Ashley Madison, the adultery website seemingly named for Honey Boo Boo’s fiercest rival, unwillingly yielded all of her secrets to the prying eyes of a hacker group that calls itself The Impact Team.  At midsummer, the Team informed Ashley Madison’s parent company, Avid Life Media, that they would release all of the immoral website’s data—“all customer records, profiles with all the customers’ secret sexual fantasies, nude pictures, and conversations and matching credit card transactions, real names and addresses, and employee documents and emails”—if ALM didn’t shut down Ashley immediately.

The hackers claimed to want to punish Ashley tit for tat.  According to them, the site, which allowed would-be philanderers and homewreckers to show their wares and hook up anonymously, was profiting by extorting money ($1.7 million in 2014, allegedly) from embarrassed people (former clients and others registered unwittingly as a result of workplace shenanigans) who had to pay a fee of $19 to have their profiles and other data deleted permanently.  Adding insult to injury, ALM (the hackers claimed, correctly) didn’t actually scrub the data upon receipt of payment.  So the hackers sought to extort ALM right back, and broke a few eggs (37 million users’ reputations) in the process.

On Ashley’s website, next to the blurb “As seen on: Hannity, Howard Stern, TIME, BusinessWeek, Sports Illustrated, Maxim, USA Today,” was the sincerely ridiculous statement that “Ashley Madison is the world’s leading married dating service for discreet encounters.”  So sincere was this pretention to worldwide discreetness that ALM steadfastly refused to comply with The Impact Team, and even denied (at first, according to an investigator from the Guardian) that anything more than “two members’ details” had been leaked.

The result was the well-known data dump of August that has exposed millions of (mostly) average men, along with government officials, celebrities, and prominent Christians, together with their families, to shame and ridicule.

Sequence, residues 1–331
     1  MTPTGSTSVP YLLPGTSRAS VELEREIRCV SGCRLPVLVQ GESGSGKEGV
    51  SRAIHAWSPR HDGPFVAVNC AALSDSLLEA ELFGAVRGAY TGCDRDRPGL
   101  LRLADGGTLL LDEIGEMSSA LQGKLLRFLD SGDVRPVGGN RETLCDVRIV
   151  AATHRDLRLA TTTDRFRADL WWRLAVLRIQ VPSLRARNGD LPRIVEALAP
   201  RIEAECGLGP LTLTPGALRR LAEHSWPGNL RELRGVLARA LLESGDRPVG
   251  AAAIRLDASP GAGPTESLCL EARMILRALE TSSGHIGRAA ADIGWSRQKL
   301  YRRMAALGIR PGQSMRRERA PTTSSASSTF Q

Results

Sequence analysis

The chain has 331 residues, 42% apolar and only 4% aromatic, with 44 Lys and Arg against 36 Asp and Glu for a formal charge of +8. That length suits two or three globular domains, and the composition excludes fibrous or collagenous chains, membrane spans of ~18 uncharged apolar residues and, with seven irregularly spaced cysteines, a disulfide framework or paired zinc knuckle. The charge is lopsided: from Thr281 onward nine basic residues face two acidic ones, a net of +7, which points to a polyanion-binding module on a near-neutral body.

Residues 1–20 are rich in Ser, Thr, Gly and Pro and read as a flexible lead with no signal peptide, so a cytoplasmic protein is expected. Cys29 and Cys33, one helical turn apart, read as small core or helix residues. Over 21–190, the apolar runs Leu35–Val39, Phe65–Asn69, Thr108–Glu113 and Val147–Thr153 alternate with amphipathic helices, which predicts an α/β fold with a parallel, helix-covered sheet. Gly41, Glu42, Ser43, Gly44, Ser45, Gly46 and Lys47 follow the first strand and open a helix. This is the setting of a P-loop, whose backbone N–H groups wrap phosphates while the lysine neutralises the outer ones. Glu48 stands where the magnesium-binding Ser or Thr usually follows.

Like many, I’ve received numerous spam emails from Ashley over the years, informing and exhorting me: “Life Is Short.  Have an Affair.”  Who, I wondered, in his right mind would enter his personal data and credit-card information into such a disgusting website?

Thanks to the bold and courageous mainstream media, ever eager to protect people from detraction, we now know who.

Unfaithful, reckless, stupid?  You bet.  But then I have to wonder: Where do I regularly enter my information?  What curious and discreet Google searches have I performed?  Who has that data, and how secure is it?

I’ll cut to the chase.  We’ve made ourselves a bad bargain.  Big Brother is watching us, and no matter what we say about Ed Snowden or the PATRIOT Act, we really don’t care.  In fact, we get upset whenever we can’t access Big Brother’s network and offer him new information.  The internet goes down, and life as we know it grinds to a halt.  This is the fertile soil in which Ashley Madison grows and thrives.

The real question—for the adulterers of Ashley Madison, and for the rest of us as well—is, would we make the same stupid choice again?  Here’s the pitch: What if I could offer you the ability to shop right there at your desktop computer, your laptop, or phone?  What if, instead of going to a library or purchasing a map at a gas station, you could simply look up information where you sit?  What if you could turn in your homework with the touch of a button, instead of having to print it out or write on paper?  Pay your bills!  See pictures of old friends and even people you’ve never met!  Vote!  Play video games!  Refill your meds!  You’ll never have to get out of your chair again!  The only thing you’ll have to give up is every shred of privacy, while rendering meaningless or at least superfluous most face-to-face interaction.

Today, our privacy is mostly an illusion.  It doesn’t take a conspiracy nut to realize that there are databases out there recording your clicks, your googles, your purchases.  It’s not from magic that Facebook serves you an ad for a product you looked at yesterday on another website.

If we’re honest, we’ll have to admit that we’re all one good hack away from devastating embarrassment in one form or another.

This online world we now cherish is based on the illusion of anonymity—just me and my computer in a darkened room, searching for images of that hot actress or discolored mole, for information on this fringe group or that taboo thought, posting our I.P.-address identifiable pseudonymous zingers in the comment section, blogging our hearts out, clicking on the latest rumor, thrill-seeking an instant and ephemeral opinion to skim and share.  Those moments are gone, but their digital records are out there on hard drives mirrored and accessible via the World-Wide Web.  How long will it be before some hacker crafts the perfect This Is Your Life algorithm and offers up the results for the world to read?

Maybe The Impact Team and Ashley Madison did us all a favor.